Friday, September 19, 2008

Prosecutors Announce That All Charges Against Journalists in St. Paul Will Be Dropped

In follow up to a story that was reported and discussed here at the Beacon, it has just been announced that all charges against journalists arrested in St. Paul during the RNC will be dropped.

The decision was announced by local authorities in St. Paul following widespread public outrage at the detention and the filing of charges against journalists arrested while covering the events outside the RNC. Mayor Chris Coleman of St. Paul released the following statement:

“This decision reflects the values we have in Saint Paul to protect and promote our First Amendment rights to freedom of the press. A journalist plays a special role in our democracy and that role is just too important to ignore. At the scene, the police did their duty in protecting public safety. In this decision, we are serving the public’s interest to maintain the integrity of our democracy, system of justice and freedom of the press.”

While this is certainly recognized as encouraging news by advocates of independent media and freedom of the press, there are many questions that still remain. Nancy Doyle Brown of Twin Cities Media Alliance states:

"This is an important first step, but many questions remain. We still need answers about why and how journalists got swept up in these arrests in the first place. And more than anything else, we need to ensure that this never happens again. We’ll never know how many important stories never got told because their authors were behind bars, not in the streets."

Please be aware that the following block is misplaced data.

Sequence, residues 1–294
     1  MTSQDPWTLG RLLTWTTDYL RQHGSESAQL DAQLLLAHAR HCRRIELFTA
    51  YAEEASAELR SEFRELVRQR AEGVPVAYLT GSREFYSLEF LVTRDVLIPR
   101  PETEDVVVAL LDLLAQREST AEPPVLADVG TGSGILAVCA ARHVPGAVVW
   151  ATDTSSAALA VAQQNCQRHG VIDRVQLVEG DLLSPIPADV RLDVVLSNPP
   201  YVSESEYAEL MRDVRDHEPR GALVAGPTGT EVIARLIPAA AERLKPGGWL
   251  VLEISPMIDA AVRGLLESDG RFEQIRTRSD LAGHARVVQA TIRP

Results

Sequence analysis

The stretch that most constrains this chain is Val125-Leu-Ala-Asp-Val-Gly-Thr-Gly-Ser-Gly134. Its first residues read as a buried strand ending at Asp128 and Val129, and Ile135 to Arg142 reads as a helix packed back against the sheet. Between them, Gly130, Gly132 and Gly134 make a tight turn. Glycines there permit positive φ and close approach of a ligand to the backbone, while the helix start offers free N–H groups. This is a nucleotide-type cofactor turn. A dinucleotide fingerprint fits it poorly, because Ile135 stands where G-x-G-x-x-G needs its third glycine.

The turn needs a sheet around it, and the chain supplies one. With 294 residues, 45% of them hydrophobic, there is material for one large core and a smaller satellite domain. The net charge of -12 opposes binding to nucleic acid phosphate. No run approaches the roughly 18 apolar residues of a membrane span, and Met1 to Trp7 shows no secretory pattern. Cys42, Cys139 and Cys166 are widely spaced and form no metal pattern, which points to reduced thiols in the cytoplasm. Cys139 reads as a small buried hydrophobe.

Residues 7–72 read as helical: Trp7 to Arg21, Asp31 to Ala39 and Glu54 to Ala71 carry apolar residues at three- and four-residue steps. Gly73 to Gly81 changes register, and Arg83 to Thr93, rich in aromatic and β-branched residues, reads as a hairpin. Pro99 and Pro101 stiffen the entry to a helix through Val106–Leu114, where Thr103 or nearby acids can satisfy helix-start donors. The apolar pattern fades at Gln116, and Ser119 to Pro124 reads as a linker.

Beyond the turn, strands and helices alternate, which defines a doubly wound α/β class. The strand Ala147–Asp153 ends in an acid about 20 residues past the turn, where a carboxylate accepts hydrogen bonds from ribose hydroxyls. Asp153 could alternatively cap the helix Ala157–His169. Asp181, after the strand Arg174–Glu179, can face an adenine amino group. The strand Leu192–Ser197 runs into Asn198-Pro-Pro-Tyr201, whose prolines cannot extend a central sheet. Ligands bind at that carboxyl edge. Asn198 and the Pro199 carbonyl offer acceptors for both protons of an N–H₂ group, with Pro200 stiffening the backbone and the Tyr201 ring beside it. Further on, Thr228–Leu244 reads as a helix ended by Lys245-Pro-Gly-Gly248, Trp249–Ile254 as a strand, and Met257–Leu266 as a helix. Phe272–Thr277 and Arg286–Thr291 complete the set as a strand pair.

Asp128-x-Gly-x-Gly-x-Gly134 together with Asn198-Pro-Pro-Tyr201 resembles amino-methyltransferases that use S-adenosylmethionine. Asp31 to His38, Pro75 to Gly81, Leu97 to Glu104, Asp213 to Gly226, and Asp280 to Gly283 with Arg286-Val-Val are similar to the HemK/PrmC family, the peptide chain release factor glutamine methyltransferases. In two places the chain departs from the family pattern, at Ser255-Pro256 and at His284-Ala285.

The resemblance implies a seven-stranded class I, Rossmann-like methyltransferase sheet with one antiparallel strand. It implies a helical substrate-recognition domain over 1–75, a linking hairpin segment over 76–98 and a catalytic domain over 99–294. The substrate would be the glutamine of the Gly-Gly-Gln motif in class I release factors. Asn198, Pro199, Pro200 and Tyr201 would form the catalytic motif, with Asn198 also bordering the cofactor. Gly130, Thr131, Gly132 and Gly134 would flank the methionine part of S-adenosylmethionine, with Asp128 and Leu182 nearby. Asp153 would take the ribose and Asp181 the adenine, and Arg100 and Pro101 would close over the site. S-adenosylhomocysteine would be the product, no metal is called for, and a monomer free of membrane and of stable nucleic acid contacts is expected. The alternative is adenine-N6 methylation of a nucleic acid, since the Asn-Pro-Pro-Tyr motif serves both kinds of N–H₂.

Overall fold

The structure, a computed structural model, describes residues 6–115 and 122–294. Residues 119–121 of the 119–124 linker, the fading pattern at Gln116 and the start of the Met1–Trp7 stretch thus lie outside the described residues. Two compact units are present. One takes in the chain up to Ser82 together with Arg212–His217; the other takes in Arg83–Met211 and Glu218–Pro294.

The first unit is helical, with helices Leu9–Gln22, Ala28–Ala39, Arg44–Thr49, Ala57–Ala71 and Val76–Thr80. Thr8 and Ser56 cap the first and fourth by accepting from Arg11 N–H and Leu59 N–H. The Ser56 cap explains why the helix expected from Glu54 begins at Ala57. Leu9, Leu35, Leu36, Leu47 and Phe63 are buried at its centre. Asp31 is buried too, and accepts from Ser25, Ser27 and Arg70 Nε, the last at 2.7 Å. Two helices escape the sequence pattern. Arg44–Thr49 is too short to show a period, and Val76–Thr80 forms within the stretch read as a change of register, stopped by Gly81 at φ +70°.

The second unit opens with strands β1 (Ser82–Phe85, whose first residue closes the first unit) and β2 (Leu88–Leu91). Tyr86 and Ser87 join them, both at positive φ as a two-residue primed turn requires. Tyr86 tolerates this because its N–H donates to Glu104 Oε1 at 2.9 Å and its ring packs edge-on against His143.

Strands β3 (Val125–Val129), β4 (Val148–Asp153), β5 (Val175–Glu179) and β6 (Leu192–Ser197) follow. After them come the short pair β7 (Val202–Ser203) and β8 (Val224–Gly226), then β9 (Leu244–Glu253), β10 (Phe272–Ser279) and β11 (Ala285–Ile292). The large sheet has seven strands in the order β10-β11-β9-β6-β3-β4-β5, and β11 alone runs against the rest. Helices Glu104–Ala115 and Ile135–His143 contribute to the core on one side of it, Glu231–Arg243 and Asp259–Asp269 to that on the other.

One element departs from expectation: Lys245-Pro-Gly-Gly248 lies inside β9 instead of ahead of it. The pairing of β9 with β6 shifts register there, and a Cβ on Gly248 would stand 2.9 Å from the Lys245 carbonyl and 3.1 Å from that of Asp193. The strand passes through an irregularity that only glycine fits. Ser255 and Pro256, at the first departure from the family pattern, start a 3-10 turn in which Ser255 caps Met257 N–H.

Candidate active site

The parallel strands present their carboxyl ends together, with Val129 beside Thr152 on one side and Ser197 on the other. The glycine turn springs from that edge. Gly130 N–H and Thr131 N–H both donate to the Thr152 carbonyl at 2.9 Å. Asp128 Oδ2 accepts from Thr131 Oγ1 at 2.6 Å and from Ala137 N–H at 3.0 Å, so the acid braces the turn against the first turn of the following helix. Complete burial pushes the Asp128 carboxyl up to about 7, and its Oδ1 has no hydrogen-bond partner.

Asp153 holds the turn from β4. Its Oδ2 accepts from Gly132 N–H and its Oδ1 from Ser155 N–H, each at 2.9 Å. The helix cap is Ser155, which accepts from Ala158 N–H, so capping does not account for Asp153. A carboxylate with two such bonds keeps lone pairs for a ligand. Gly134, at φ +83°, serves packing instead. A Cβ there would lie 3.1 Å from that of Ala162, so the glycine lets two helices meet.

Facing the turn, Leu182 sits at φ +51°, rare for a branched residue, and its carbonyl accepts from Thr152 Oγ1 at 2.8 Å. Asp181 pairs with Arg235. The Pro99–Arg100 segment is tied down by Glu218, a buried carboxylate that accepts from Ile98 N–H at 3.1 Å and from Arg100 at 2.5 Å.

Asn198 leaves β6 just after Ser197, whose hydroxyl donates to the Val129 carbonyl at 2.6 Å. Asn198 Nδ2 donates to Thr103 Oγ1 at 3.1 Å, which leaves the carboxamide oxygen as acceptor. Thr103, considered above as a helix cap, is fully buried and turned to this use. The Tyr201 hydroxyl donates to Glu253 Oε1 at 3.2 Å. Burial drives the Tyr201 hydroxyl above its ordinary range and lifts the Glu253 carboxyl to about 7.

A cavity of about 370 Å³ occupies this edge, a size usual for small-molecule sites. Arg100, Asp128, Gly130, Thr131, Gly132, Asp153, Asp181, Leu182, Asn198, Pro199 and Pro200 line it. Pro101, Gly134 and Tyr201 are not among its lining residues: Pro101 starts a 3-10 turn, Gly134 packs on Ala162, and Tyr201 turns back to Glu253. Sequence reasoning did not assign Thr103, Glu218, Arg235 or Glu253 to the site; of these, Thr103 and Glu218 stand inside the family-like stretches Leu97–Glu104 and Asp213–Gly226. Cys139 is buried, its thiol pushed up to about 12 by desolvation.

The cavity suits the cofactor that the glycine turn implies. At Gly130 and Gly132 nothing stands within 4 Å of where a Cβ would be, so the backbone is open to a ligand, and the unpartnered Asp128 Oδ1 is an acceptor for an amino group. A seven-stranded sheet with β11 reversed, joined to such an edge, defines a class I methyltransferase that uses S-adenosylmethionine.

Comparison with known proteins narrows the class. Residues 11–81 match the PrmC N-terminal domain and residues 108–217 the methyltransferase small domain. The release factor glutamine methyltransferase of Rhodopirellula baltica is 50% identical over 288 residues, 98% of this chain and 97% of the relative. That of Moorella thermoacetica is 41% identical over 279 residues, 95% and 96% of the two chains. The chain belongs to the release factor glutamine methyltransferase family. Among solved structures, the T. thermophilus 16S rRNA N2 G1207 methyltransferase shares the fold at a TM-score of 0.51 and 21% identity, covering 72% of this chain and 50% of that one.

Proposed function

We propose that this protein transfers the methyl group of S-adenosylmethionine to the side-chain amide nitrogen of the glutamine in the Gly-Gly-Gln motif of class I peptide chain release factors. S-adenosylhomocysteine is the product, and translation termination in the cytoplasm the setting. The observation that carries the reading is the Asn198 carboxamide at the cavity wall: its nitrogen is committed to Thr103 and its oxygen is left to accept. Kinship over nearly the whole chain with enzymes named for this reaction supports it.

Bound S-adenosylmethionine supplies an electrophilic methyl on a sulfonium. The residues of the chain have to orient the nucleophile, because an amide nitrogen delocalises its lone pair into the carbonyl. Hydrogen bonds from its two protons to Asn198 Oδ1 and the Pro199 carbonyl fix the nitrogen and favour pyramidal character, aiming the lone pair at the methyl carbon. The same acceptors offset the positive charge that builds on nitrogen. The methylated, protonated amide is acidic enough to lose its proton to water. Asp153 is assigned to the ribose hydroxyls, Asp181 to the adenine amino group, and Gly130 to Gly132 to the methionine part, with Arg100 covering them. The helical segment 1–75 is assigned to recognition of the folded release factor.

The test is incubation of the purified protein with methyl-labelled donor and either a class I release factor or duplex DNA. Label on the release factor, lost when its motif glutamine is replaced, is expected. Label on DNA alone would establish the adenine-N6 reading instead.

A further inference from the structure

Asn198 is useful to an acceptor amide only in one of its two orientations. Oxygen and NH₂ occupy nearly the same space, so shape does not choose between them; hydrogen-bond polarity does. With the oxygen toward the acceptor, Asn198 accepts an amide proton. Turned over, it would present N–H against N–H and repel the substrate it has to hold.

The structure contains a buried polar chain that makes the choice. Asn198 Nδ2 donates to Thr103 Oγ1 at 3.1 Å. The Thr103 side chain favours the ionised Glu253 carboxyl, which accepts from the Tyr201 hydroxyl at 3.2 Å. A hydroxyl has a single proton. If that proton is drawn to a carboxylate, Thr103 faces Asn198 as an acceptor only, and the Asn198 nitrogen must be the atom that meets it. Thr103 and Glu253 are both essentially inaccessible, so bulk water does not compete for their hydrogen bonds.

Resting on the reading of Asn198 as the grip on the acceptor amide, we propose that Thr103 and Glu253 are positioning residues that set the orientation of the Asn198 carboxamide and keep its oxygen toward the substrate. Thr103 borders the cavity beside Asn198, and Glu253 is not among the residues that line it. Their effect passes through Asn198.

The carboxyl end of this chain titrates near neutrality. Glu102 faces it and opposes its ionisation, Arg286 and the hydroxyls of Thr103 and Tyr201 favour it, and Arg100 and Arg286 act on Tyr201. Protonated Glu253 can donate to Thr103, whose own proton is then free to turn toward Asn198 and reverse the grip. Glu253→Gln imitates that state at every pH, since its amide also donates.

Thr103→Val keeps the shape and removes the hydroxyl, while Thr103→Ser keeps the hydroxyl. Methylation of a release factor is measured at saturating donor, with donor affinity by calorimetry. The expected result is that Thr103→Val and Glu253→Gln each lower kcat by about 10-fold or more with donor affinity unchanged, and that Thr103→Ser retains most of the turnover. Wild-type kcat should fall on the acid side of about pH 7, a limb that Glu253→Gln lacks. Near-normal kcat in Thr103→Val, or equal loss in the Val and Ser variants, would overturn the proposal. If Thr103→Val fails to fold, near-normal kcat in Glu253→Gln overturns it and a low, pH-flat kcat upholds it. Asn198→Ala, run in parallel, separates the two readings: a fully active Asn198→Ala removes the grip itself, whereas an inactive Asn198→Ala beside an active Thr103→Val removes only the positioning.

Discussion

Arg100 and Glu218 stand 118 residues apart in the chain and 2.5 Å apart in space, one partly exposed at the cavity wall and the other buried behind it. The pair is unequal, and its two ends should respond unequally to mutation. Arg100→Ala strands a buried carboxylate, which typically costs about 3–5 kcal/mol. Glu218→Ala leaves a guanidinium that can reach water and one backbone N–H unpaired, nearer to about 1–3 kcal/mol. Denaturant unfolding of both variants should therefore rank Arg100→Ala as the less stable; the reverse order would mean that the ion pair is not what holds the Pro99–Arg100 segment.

After the arrest of Amy Goodman and two of her producers from the independent media program Democracy Now!, thousands of people from across the country signed letters and statements calling for their release. The media reform organization FreePress delivered over 60,000 of these letters and statements to St. Paul City Hall demanding that they drop all charges against journalists. Josh Silver of FreePress reacted this news today:

"We’re pleased that the St. Paul authorities ultimately acted to uphold the rights of all journalists -- including those citizens using blogs, cheap cameras and cell phones to report news as it happens. Our task now is to ensure that our press remains free to report on the events, issues and stories that matter to our country, our communities, and our democracy."

Part of ensuring the future freedom of the press and of reporters to report on dissent is to critically examine why these actions were taken and how they can be prevented in the future. The statement from the Mayor's office implies that this is how the system should work; police should detain and arrest indiscriminately and then the courts will end up sorting it all out. Instead of assuming that this is an overall success there needs to be an examination into how these incidents happened, how they can be prevented in the future, and the impact this model of law enforcement has on a free society. The fact that so many people rose up and demanded that these charges be dropped is a victory for the people in standing up for basic rights. While this should certainly be viewed as a victory, it should be viewed through a bittersweet lens. Arresting journalists interrupts the important work that they are doing on the ground during the event being covered and this is valuable time that has been squandard can not be given back. Examination also needs to be done over the strategy of preemptively raiding journalists houses and rented space as was done in the case of I-Witness Video. This practice led police to copy documents and photograph items within the property, detain the individuals inside, and interrupt the journalistic work that was done. The following questions need to be asked in this case:

1. What did police do with the information collected from these locations?
2. Is any of this information being stored in a database that can be used against activists that have not broken any law, in future high publicity events?

There is no telling the amount of information compiled about journalists who have not been charged or convicted with a crime during the DNC and RNC. This is relevant and needs to be addressed.

This article can also be viewed at:

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